Estes Entrepreneurs Sell Success

As a Leader in Me school, William W. Estes Elementary always looks for exciting new ways to help students develop strategies for lifelong success.

As the school year wrapped up, Academically and Intellectually Gifted (AIG) Specialist Donalyn Small used a hands-on, immersive project to teach fourth grade students about entrepreneurship. She challenged them to come up with a business idea, create products, market test them with fellow students, and learn from their customers.

“They thought about things they were passionate about and what other kids might like as well,” she said. “And that’s how they made their decisions about what to make.”

The project ended with an Entrepreneur Fair in the Estes media center on May 31 and June 2. There were a variety of kid-oriented items on offer, from homemade slime to glittery posters to a beanbag toss game to crocheted bookmarks.

Fourth graders Dax, Michael, and Caleb designed rubber band bracelets, because they were easy to make, popular with their peers, and easy to wear.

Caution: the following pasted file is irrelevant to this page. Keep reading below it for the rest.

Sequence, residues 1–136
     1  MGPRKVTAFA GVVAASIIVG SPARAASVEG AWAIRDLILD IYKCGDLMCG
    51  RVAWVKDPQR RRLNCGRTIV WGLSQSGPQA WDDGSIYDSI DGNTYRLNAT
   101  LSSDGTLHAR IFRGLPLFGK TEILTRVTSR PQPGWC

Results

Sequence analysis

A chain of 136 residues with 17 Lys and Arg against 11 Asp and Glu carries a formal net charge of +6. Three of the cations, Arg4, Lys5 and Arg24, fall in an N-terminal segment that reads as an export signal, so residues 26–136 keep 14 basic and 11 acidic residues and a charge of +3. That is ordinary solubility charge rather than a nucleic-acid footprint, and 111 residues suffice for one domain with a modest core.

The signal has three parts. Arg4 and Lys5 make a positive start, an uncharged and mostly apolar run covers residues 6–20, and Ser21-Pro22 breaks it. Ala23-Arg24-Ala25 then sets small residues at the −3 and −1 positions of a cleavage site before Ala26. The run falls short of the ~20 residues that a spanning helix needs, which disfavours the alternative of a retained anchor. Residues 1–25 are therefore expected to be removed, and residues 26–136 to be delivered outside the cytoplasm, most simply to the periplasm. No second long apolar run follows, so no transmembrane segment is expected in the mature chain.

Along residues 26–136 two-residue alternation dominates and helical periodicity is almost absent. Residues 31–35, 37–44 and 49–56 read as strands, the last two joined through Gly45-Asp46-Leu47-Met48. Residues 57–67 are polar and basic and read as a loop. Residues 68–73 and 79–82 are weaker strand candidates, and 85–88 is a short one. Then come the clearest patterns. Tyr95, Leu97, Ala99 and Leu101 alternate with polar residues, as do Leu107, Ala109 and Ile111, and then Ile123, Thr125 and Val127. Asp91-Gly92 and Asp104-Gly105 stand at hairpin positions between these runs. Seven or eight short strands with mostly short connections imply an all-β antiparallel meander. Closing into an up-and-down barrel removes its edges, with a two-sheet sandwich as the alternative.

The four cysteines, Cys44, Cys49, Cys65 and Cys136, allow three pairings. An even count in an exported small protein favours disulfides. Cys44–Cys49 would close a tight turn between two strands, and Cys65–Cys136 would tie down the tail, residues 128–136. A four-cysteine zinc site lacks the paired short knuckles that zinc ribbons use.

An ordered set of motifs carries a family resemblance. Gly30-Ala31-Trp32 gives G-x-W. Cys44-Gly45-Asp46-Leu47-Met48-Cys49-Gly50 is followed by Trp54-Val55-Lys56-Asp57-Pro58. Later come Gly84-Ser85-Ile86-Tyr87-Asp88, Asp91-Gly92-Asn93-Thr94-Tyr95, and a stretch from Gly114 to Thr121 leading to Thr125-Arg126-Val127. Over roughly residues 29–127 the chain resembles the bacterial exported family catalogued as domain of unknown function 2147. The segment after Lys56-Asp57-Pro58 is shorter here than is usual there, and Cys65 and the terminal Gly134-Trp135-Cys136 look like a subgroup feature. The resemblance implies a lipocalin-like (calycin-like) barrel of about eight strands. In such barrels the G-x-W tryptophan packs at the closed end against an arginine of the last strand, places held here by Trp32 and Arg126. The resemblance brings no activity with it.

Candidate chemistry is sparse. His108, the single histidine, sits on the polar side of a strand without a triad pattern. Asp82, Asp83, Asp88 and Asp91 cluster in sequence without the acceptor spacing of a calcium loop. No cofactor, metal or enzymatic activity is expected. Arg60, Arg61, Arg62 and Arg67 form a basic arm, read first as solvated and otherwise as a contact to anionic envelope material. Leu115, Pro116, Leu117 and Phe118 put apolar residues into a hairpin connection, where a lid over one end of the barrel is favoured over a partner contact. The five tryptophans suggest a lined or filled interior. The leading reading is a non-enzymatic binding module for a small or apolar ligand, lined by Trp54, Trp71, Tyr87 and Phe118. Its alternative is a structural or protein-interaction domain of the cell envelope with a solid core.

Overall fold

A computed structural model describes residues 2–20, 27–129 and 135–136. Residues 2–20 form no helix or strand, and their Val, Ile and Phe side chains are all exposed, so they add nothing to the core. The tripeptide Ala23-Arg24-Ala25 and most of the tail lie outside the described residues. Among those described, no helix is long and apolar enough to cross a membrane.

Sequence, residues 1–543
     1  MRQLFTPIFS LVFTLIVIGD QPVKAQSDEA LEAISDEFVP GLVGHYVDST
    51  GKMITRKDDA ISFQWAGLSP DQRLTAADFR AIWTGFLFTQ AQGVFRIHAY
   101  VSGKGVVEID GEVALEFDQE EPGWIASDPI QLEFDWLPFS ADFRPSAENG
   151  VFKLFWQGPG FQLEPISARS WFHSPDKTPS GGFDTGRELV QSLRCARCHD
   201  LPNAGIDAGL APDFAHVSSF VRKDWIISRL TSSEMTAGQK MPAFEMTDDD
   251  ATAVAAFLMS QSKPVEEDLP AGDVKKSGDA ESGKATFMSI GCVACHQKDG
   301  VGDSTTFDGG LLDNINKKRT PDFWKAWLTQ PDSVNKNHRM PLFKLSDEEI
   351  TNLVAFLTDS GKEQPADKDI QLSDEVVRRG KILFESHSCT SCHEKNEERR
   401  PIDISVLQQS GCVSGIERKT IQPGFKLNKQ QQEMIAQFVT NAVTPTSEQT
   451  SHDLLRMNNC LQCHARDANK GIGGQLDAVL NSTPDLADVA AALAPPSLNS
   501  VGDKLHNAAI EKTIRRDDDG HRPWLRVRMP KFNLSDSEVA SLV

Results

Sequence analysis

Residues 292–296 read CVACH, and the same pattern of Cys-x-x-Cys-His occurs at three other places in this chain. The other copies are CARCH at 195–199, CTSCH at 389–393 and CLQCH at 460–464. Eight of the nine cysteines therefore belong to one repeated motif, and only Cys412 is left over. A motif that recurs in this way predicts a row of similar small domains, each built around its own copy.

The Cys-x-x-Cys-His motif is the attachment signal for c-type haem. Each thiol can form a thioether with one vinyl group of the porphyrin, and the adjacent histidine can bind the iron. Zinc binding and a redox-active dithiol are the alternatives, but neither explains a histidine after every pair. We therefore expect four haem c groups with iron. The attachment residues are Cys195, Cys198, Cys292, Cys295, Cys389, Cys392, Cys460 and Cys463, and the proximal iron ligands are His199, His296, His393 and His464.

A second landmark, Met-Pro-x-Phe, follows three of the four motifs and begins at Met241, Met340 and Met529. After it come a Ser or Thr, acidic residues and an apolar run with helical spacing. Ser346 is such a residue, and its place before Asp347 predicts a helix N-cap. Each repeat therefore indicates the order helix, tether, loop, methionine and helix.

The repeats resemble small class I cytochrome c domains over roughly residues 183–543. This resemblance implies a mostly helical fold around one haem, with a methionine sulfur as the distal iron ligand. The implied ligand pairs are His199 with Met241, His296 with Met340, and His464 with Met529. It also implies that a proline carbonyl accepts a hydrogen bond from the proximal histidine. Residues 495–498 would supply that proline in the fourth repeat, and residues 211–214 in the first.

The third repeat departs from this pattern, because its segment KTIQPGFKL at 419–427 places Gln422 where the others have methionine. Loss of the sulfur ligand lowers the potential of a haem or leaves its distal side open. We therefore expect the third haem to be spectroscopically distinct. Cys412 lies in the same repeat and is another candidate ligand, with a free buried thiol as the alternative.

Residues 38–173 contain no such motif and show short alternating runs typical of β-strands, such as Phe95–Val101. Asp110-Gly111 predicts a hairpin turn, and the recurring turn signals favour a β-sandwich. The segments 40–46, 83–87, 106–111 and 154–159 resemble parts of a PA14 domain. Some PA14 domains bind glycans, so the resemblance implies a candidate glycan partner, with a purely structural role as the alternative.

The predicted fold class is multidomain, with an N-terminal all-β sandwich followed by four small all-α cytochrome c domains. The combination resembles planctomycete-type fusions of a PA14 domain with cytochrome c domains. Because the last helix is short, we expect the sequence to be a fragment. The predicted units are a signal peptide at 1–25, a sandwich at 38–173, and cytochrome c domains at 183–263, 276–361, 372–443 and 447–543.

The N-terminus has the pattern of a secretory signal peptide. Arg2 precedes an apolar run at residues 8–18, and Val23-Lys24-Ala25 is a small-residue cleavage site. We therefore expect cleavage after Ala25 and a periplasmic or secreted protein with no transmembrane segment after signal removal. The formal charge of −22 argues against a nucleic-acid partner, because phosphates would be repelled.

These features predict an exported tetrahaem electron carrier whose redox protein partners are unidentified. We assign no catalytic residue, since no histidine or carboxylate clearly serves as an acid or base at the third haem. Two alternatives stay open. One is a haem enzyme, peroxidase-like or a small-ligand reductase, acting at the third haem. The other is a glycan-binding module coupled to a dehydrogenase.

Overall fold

“We tried a lot of different colors, and we were surprised by how many kids wanted to buy them,” Dax said. “We did really well – we sold out!”

Stella and Sophia made splatter art posters with gaming themes (like Roblox and Fortnite) and inspirational words (Believe, Love, and Create). Their posters practically flew off the table.

“A lot of people liked our stuff and wanted to buy it,” Stella said. “It’s art, but even the boys wanted to buy the game posters, so that was really cool. People like different things, so it was a good idea to make different posters for different people.”

The students sold about $1,300 of merchandise and planned to donate net profits to a local charity.

“Some of the kids needed to borrow money from their parents to make their products,” Ms. Small said. “So that let us talk about loans, interest, profits, and reinvestment. It was a great opportunity for them to discover other basic business concepts, like demographic research and market testing. The kids were really excited to lead their own learning with this project.”